IDB bondholders last night began assessing presentations by the two consortia bidding for control of the group. The final vote is slated to be completed by next Sunday.
- Bidder will remove Dankner from management if their bid for IDB wins
- Xtra Holding and Elsztain join forces in bid to wrest IDB control from Dankner
- IDB's Nochi Dankner defends deal as best for creditors and company
- Alexander Granovsky: 'Nochi Dankner is the solution for IDB, not the problem'
- IDB to offload Given Imaging at market cap of $955 million to undisclosed buyer
Earlier in the day, Judge Eitain Orenstein, whose court is overseeing the process, ordered the bondholders’ vote to proceed immediately as scheduled. He rejected petitions to delay it until after the Knesset votes on the Business Concentration Law, whose terms may affect the structure of the two IDB bids.
Meanwhile, another salvo in the war of words over who is making the most attractive offer for control of the IDB group was fired on Monday by Motti Ben-Moshe, who said the proposal he has offered together with Argentinian-Jewish investor Eduardo Elsztain offers IDB’s creditors greater certainty and a faster turnaround time.
“Our offer contains no contingencies. The closing can be wound up inside of four weeks,” Ben-Moshe, who is making his bid through his own holding company Xtra Holdings, told TheMarker. He spoke a day after Nochi Danker, who is seeking to retain control of IDB in an alliance with Ukrainian businessman Alexander Granovksy, insisted his bid offered better terms because they would be putting up NIS 500 million into IDB by February 15, whether or not their proposal was accepted. The Ben-Moshe-Elsztain offer would entail putting up just NIS 100 million ahead of the restructuring.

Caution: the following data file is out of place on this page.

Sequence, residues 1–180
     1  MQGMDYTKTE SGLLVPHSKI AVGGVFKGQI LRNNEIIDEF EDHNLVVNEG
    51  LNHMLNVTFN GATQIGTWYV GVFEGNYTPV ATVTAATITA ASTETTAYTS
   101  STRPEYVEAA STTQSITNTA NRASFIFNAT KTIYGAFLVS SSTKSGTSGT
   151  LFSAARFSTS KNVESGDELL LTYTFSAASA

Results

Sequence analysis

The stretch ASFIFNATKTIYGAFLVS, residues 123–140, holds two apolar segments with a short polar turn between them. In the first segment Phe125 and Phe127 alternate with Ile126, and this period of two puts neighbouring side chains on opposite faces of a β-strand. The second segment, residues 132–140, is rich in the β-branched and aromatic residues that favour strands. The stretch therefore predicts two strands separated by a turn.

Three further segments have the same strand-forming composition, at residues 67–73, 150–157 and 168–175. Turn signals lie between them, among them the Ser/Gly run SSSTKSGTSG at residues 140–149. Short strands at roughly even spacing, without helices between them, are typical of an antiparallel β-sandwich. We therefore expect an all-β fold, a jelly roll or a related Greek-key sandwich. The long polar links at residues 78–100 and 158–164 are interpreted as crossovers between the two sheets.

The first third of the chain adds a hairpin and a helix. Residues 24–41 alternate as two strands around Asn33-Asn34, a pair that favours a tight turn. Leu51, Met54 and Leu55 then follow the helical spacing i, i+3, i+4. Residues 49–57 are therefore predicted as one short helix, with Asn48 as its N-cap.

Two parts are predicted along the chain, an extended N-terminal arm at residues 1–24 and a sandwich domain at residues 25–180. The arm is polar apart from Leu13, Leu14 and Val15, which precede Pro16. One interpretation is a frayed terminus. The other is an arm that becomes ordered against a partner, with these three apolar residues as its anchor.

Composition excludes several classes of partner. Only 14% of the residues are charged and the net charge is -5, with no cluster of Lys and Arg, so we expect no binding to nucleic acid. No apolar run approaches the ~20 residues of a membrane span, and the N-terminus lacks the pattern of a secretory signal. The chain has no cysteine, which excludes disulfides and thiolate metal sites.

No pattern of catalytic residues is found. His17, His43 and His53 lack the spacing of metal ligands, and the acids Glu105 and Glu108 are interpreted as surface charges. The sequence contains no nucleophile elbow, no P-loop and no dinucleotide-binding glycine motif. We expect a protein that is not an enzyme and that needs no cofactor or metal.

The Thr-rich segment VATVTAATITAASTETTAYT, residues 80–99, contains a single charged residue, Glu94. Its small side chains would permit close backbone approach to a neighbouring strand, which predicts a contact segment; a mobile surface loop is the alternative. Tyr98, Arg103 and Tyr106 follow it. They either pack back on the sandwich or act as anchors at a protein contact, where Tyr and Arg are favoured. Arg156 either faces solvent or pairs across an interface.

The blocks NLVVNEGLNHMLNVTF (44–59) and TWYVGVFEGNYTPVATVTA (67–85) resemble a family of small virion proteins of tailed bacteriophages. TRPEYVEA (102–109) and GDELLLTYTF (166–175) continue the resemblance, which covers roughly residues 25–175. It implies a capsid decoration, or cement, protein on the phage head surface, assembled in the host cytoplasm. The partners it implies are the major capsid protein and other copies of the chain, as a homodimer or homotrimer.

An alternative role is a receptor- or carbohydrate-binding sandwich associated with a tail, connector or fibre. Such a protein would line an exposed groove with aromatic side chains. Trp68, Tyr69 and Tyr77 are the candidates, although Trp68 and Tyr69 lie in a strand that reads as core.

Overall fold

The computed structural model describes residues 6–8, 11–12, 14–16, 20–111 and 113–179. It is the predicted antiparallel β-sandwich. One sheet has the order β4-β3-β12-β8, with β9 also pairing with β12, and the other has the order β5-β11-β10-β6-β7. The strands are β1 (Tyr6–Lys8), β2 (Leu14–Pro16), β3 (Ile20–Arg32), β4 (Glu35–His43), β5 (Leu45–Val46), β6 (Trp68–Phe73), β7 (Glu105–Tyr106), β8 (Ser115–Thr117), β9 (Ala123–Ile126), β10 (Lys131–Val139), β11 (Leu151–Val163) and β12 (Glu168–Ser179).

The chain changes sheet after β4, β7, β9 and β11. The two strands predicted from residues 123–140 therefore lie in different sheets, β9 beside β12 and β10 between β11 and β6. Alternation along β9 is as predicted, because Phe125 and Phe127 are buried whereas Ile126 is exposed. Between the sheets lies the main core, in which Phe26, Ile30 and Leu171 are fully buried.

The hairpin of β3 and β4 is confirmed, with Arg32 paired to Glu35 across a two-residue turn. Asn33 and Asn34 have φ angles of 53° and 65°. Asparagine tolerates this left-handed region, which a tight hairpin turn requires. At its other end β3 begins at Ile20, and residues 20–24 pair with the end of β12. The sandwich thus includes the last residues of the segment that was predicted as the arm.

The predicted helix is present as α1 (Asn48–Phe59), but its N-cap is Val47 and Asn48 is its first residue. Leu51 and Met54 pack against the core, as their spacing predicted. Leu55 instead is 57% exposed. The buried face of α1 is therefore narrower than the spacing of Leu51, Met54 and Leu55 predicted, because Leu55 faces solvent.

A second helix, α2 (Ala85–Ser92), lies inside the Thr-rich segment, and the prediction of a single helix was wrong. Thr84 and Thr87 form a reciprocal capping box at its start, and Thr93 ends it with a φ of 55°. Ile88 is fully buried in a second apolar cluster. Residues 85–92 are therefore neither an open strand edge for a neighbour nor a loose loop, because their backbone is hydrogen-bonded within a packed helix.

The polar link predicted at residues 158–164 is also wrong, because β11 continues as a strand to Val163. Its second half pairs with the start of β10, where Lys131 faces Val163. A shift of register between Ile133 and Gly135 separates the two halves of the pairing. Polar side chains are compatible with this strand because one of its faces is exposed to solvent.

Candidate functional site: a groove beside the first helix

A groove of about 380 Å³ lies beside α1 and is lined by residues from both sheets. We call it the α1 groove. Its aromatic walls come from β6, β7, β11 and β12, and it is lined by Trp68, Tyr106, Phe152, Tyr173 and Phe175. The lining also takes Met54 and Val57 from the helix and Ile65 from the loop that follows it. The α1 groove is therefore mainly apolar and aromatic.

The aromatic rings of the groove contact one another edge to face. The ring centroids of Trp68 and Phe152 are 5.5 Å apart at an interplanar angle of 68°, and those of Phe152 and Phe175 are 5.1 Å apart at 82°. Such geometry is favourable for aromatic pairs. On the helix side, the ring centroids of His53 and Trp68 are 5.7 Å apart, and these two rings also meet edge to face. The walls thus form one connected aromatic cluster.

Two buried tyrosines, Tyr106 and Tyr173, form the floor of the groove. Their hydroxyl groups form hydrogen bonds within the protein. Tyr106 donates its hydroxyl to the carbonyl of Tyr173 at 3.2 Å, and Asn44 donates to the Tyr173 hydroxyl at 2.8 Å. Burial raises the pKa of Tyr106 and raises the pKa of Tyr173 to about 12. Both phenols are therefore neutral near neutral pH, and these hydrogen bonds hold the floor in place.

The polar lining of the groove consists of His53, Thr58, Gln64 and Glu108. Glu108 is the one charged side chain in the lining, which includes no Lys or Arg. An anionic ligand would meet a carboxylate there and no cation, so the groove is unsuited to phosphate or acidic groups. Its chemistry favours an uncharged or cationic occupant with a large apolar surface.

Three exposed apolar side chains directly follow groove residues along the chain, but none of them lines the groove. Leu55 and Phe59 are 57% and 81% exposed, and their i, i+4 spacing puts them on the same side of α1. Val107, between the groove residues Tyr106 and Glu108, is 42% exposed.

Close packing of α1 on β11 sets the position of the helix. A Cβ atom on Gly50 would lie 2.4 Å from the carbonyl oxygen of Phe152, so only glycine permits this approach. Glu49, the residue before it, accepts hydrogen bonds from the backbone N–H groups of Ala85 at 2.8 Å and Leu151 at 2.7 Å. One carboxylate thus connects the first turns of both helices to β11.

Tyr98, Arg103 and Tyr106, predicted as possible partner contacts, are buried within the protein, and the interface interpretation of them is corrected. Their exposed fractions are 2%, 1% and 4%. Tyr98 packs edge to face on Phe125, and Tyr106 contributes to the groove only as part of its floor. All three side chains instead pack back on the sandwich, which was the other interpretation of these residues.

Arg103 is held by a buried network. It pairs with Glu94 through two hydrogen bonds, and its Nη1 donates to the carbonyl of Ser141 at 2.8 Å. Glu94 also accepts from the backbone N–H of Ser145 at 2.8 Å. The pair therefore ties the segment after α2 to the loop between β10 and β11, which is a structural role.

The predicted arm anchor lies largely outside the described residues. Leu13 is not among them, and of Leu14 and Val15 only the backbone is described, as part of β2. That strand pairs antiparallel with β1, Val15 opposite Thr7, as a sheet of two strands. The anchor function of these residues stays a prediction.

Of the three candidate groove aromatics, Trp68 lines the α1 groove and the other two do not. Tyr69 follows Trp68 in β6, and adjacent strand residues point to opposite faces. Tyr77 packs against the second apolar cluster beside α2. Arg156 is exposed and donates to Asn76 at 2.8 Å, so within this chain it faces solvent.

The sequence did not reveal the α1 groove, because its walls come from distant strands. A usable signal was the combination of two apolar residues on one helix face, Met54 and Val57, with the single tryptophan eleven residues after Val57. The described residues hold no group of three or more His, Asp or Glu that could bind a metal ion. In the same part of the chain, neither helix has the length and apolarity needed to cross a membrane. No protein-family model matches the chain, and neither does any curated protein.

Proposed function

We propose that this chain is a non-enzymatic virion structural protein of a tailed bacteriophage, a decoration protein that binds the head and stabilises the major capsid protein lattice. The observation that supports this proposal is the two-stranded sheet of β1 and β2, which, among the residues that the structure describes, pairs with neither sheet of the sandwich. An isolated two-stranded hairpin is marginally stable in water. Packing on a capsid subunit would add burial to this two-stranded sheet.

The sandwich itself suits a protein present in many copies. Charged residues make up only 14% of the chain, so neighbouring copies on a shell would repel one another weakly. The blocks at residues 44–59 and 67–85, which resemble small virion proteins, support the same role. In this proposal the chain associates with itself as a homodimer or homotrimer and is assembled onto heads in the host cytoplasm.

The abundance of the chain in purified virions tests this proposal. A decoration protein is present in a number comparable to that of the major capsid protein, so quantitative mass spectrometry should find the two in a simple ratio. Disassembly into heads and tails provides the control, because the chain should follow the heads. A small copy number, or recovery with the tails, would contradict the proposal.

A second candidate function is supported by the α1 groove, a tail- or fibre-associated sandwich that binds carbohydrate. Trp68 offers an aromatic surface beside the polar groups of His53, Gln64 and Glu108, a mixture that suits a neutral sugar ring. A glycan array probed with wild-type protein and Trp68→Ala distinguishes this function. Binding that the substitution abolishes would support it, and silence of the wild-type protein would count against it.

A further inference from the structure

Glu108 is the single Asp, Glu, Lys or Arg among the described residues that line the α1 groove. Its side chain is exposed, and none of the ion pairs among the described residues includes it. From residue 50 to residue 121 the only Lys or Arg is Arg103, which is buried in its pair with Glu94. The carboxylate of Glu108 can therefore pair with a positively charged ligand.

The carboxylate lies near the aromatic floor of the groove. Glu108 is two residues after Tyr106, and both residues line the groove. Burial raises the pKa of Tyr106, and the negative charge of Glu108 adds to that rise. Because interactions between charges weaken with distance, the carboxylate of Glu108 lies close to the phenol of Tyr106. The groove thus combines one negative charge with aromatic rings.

But Ben-Moshe rejected Dankner’s comments as deceitful. “Dankner isn’t telling the truth,” Ben-Moshe told TheMarker. “He made his claim based on an author’s error in the report by [court-appointed] expert Eyal Gabbai.” Ben-Moshe said that Gabbai and the court were informed of the error and a correction was sent to all parties, including Dankner.
Both offers entail a combination of fresh capital and debt-for-equity swaps, aimed at lifting the heavy debt burden off the group. But the structure makes the task of valuing them extraordinarily complicated. Ben-Moshe noted that his proposal would provide three options to IDB Holding creditors, in the event that he and Elsztain do not follow through with their restructuring proposal. The creditors would then be able to demand the immediate payment of NIS 100 million, or take legal action against Ben-Moshe and Elsztain, or have the two use the money for the bid placed in an escrow fund to receive IDB shares and pay a fine, Ben-Moshe said.
“We have NIS 1 billion in an escrow fund that is completely secure,” said Ben-Moshe, adding that there were no conditions to their proposal that would require any kind of delay, so that it could be completed within the space of a month.
Ben-Moshe emphasized that since all the funds required for his and Elstzain’s restructuring proposal had already been placed in escrow, there was no reason for them to not to carry out their restructuring agreement with IDB’s creditors. He also alleged that the IDB Holding’s latest financial statement showed that Dankner had used more than NIS 32 million of the conglomerate’s money to support his effort to retain control of the company with his proposal. “Nochi is saving his skin with the creditors’ money,” said Ben-Moshe.
The IDB group refused to comment.
Ben-Moshe likewise dismissed the possiblity that Dankner-Graniovsky might turn to the courts to try to block the Elsztain-Ben-Moshe consortium from taking over IDB, if the latter wins. “I’ve heard about this threat,” Be-Moshe said. “I don’t believe a higher court would try to stop the process because it would cause [IDB] to collapse.”